The hole should be approximately 2-3 inches broader and an inch shallower than the container. (In metric measurements, that’s 5-7.5cm broader and 2.5cm shallower.)
Check that the container sticks out about an inch (2.5cm) from the hole. You can push down on and twist the container to make it dig down a little deeper.
Fill in the holes around the container with freshly dug soil. Pack the soil tightly around your container.
To help the soil settle, water it.
In case you’re wondering: the idea behind partially submerging your snake grass in a pot in the ground is to stop it from spreading. I can’t stress too much how aggressively snake grass grows.
You’ve really got to be careful with it to let it overtake your garden.
Planting Snake Grass in Water
When planting in water, ensure that the snake grass will be submerged no deeper than 4 inches (about 10 cm).
Note that you don’t put the rhizome into a hole when you’re planting snake grass in water, so how does the plant stay in one place? The answer is you tie the plant to a stake.
This prevents the plant from floating away.
When tying your snake grass to the holding stake, all you need to do is ensure that its rhizome is in contact with soil.
When planting in water, you can give the grass further stability by placing bits of gravel around its stem – but don’t overdo it!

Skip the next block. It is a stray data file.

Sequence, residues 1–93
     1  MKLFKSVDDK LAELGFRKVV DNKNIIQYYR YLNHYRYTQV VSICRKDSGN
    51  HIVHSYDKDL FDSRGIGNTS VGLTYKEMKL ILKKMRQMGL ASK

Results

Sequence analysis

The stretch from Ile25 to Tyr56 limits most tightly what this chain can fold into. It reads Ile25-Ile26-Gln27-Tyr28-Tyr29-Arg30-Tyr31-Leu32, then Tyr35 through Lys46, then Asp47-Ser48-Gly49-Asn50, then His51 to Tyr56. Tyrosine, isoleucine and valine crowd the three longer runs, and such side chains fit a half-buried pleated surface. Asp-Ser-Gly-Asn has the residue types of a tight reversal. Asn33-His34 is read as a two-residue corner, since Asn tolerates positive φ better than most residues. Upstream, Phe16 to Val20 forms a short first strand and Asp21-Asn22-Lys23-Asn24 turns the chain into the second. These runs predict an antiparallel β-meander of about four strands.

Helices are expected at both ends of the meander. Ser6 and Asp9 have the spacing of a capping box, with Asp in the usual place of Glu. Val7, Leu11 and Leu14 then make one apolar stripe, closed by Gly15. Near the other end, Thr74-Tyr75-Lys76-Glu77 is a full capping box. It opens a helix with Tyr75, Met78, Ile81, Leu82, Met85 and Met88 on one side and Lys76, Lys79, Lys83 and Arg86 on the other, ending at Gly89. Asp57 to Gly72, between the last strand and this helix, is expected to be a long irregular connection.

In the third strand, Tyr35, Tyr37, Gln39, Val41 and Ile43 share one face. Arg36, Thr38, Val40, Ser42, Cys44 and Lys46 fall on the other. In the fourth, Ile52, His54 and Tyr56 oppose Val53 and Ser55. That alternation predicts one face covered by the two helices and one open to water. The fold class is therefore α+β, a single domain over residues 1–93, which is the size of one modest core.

You must not end up crushing the stem of the poor plant, or you’ll accidentally kill it.
Ensure that the snake grass will be submerged no deeper than 4 inches.
On top of the soil receiving the snake grass, place a layer of gravel about 1 inch (which is about 2.5 cm) high. The idea here is to protect the soil from either getting flooded or getting washed away.
Frequently Asked Questions about How to Grow Snake Grass
I’ve heard that snake grass is simple to grow. Is that true?
Snake grass does not require any special care other than choosing the right place for its growth. They grow well in sunlight or shade and seldom need watering. This plant easily spreads, and so needs regular thinning or dividing.
How do you trim snake grass, and will it grow from the trimmings?
Trim any spreading rhizomes, which look like tiny vines, and any fruiting stems. Divide the root ball to thin out snake grass. Yes, trimmings will grow new snake grass if given a chance. Therefore, it is best to dispose of the trimmings in the trash and not to compost them.
Afterword: How to Grow Snake Grass
Snake grass may be illegal in certain areas, like South Africa, where it is considered an invasive species. Always confirm the legality of planting snake grass with the local authorities before you go ahead and plant it.
As mentioned above, snake grass is resilient. It doesn’t require frequent watering except in exceptionally dry environments when you might have to water it regularly.
Daniel has been a plant enthusiast for over 20 years. He owns hundreds of houseplants and prepares for the chili growing seasons yearly with great anticipation. His favorite plants are plant species in the Araceae family, such as Monstera, Philodendron, and Anthurium. He also loves gardening and is growing hot peppers, tomatoes, and many more vegetables.